Gymnastics Team Falls Below Radar

By Lilah Vieweg

The Arlington High School gymnastics team is often overlooked by students and teachers alike. Because their meets are rarely announced or their triumphs published, many students are totally unaware of the team’s existence.

When asked about this lack of knowledge about the gymnastics team, junior team captain Emily Smith-Kaufman replies, “I think maybe because there aren’t a lot of people who do gymnastics and because the team is really small, people don’t pay as much attention to it.”

“We are a lot better than people think we are,” says Smith-Kaufman. “ Last year, I wish people had come because we broke the school record, and we have done a lot that people don’t recognize.”

Says sophomore team member Karenna Ng, “I think what we do is pretty cool. I wish more people at AHS knew about us, because we work just as hard as the other teams.”

Sophomore team member Katja Ampe explains, “It’s an American tradition to watch football. It’s not a tradition  to watch gymnastics. I think generally more people attend the other sporting events, but also, that’s mainly because people don’t know that we have a gymnastics team.”  Unlike other sporting events at AHS, gymnastics meets are free.

“I really like the sport, because it’s physically hard, but it’s also mentally hard,” comments Ampe. “I mean, some sports are nice, but they aren’t as scary. In gymnastics, you have a four-inch wide piece of wood, four feet in the air. That is scary, and half of it is knowing that you can do it.”

Unlike other sporting events, gymnastic meets are free.

 

Chengdu Students Experience Arlington High

By Eveline Ho

Students from Chengdu, China visited Arlington High on January 24th. This event was the result of a collaboration of the two parties involved in China and Ms. Ritz at AHS. The mandarin students led the 32 visitors around for a full school day to learn about what Americans study and shed some light on our culture.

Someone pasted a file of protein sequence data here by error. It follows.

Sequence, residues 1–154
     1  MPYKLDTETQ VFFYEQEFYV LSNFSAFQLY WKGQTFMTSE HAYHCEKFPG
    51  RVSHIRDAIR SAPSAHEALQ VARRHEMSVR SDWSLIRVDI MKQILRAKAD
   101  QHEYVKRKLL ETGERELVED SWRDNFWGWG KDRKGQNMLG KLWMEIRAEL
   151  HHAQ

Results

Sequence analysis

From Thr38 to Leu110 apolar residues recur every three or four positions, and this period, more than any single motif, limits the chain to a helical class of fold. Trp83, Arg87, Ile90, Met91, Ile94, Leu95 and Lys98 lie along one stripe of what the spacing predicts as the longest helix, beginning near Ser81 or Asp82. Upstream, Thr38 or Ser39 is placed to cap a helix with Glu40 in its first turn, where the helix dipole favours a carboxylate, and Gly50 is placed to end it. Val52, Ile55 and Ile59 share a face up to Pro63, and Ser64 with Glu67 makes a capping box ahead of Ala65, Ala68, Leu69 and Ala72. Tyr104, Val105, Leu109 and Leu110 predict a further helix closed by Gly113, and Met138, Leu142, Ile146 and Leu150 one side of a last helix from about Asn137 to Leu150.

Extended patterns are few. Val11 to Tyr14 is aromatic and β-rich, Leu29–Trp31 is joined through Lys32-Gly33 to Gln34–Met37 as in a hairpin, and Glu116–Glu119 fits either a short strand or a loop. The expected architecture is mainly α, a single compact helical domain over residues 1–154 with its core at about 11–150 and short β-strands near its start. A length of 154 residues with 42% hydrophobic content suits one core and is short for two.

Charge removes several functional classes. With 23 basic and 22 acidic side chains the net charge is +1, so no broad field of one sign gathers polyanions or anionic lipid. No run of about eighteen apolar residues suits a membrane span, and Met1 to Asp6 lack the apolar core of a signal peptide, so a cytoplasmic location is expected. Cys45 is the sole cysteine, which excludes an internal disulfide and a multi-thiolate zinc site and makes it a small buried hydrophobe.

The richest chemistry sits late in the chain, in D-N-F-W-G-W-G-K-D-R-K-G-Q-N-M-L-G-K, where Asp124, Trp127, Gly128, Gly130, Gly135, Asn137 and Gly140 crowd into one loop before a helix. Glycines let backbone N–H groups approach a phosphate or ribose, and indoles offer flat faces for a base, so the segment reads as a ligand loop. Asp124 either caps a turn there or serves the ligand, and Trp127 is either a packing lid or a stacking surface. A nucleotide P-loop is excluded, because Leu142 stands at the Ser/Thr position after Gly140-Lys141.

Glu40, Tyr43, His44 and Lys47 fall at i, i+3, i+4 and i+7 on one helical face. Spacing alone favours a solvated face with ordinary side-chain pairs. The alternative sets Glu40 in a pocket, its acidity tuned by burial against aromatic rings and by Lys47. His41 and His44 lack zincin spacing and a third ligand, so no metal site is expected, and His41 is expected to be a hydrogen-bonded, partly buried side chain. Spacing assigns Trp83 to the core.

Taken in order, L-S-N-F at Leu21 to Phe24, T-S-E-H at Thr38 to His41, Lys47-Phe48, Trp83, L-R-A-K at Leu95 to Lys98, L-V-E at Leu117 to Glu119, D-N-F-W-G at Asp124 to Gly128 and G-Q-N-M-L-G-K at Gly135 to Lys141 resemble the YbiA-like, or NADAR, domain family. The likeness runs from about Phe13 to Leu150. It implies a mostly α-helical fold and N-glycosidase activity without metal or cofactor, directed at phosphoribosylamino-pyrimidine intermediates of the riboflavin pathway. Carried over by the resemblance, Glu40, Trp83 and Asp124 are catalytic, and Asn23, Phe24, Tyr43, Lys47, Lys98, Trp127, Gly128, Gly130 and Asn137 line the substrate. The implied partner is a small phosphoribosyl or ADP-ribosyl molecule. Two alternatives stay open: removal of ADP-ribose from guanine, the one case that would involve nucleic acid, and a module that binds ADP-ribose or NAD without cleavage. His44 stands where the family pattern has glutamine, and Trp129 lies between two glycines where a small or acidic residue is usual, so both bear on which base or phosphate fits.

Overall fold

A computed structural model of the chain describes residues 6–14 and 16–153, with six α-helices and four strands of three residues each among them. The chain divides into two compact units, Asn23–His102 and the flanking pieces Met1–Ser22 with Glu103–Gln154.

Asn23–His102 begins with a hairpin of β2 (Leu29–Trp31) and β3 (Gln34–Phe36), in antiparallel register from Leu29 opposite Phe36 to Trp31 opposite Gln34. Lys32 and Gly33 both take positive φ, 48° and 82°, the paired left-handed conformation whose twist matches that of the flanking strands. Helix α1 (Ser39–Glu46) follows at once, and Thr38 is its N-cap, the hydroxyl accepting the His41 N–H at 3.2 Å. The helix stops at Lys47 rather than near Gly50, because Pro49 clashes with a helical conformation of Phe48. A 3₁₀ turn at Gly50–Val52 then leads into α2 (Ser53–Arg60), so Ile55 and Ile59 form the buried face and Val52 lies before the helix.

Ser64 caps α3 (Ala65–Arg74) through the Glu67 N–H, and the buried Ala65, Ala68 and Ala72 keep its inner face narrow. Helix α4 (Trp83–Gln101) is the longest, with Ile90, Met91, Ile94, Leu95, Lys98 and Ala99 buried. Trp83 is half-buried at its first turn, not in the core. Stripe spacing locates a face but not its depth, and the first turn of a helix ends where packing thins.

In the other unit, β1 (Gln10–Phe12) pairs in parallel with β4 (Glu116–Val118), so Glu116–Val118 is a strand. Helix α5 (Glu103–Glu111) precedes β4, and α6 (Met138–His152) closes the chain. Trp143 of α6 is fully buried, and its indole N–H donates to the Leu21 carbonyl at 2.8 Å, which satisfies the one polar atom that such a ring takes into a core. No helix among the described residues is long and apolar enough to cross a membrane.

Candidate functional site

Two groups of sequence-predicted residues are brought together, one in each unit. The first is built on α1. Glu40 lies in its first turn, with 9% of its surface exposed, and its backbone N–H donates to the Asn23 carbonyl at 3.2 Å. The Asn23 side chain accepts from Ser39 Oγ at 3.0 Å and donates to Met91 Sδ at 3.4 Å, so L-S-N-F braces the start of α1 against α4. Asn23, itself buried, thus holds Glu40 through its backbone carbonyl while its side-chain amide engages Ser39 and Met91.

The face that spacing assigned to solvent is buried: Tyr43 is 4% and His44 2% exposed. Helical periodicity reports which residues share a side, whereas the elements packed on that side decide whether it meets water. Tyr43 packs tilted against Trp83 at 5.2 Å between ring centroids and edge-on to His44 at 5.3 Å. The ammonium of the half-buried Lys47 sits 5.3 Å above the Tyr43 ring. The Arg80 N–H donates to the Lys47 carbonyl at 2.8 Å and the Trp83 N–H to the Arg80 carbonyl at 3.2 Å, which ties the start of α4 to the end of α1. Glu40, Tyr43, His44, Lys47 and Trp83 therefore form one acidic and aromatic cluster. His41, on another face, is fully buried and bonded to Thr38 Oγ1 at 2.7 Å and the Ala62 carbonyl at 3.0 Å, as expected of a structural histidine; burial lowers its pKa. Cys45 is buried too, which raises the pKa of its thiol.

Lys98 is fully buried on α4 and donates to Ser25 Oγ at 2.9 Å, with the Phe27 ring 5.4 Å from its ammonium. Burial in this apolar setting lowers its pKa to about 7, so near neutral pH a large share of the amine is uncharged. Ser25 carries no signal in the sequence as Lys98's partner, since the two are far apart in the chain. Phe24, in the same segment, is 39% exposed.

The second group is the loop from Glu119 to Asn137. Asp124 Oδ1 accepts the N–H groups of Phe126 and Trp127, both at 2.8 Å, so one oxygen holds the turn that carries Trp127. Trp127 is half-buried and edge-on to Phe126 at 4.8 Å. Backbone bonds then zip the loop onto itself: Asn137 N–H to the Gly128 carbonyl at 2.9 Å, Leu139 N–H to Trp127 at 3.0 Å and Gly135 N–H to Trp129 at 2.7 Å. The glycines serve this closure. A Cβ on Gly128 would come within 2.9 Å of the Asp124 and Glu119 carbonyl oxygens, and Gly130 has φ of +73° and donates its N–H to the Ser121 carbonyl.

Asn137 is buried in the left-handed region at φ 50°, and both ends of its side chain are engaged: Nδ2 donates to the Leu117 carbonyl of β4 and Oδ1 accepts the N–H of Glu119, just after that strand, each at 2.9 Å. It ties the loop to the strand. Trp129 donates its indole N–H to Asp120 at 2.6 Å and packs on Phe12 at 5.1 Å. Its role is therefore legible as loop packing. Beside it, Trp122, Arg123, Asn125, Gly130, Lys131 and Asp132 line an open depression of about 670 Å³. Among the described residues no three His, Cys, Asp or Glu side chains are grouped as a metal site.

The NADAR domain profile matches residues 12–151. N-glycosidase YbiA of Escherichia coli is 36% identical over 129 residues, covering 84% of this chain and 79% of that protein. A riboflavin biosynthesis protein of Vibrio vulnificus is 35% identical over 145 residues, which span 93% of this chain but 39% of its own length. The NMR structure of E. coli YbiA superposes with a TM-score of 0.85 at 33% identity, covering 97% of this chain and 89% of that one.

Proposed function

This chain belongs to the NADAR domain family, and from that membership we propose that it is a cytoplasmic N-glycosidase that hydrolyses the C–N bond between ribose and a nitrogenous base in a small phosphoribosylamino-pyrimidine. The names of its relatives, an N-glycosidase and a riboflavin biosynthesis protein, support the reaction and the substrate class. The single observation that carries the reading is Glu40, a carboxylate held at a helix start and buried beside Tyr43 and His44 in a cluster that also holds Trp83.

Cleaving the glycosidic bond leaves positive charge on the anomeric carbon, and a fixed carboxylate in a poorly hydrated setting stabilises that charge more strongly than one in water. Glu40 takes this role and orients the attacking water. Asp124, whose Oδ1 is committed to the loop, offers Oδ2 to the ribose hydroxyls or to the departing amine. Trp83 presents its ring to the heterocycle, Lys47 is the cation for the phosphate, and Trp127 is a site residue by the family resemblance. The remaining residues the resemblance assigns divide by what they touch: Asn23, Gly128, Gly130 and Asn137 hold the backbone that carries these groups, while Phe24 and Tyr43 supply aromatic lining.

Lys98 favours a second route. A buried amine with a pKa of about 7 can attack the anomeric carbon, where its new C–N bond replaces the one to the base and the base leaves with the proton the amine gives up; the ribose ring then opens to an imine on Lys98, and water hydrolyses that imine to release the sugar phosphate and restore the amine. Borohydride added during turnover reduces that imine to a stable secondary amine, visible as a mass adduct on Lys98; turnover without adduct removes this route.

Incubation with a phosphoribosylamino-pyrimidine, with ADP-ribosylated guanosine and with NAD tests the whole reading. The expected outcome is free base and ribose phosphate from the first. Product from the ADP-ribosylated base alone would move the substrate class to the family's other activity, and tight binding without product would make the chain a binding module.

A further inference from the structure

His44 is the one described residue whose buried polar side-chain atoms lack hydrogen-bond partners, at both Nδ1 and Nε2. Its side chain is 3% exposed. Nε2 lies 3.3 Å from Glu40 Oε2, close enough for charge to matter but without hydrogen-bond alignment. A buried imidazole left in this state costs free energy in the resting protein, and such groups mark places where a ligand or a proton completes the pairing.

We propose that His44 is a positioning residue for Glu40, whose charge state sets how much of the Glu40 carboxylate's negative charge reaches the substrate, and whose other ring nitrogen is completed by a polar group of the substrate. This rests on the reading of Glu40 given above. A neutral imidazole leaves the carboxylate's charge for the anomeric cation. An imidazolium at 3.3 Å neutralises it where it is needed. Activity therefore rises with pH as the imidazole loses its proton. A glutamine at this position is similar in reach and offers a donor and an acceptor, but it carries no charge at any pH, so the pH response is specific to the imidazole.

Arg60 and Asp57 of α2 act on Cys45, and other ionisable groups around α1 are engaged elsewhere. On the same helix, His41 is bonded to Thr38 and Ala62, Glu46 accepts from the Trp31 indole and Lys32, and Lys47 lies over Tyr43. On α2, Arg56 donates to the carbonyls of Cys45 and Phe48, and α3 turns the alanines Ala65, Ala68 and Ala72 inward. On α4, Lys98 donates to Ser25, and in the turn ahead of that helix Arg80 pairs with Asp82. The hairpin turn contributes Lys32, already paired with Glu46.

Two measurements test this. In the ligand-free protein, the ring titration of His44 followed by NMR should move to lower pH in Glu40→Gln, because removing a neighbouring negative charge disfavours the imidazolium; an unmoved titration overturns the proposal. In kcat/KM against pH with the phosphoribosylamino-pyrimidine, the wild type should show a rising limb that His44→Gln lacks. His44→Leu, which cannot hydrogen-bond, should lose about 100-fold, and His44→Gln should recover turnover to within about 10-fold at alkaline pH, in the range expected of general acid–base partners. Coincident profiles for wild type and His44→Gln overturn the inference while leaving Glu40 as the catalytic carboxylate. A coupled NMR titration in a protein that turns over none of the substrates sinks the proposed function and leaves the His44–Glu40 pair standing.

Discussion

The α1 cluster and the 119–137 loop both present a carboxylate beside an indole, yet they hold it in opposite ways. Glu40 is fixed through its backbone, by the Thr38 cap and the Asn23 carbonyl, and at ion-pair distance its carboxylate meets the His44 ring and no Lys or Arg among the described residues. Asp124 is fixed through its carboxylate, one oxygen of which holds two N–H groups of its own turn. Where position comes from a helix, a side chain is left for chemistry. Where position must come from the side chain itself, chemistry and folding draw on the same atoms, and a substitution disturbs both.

The program helps “promote an understanding between two very different cultures”, notes Ms. Yuen, the Mandarin teacher at Arlington High. The foreign exchange students are a part of the Chengdu Foreign Language School. They are the only school who are permitted to tour AHS due to the large quantity of students. They spend their vacation to come to America.

They are quite surprised when they find many differences between our schools.

“An American’s student life is more relaxing and follows their heart because they choose the courses that they’d like, but in China, we can’t actually choose the courses that we like. We must learn all the courses, nine courses a day… When I saw you guys playing the violin, I was really surprised because we don’t have these kinds of classes in China,” said Jane Kan, a Chinese foreign exchange student.

“I think that the biggest difference between China and America is that the people here have more freedom. We have to follow teachers, parents, and do homework,” voiced a male student, Sherlock Li.

These students  were quite happy to see the different foods in the cafeteria, the free time in Old Hall, and the many different classes here.

The freedom of speech in America is often taken for granted. These foreign exchange students greatly value their time in America, especially seeing the ability of students here expressing what they feel in public.

“You can’t always live in one atmosphere; you have to change and see the world. Because China and America have a lot of differences,  it is important to see where the differences are from,” said Kan.

Ruby Xu, a supervisor for the exchange students,  shared, “I think now we must get to know  the culture of the East and the West due the diversity of the world.”
This program is expected to continue. Students from China will visit every two years.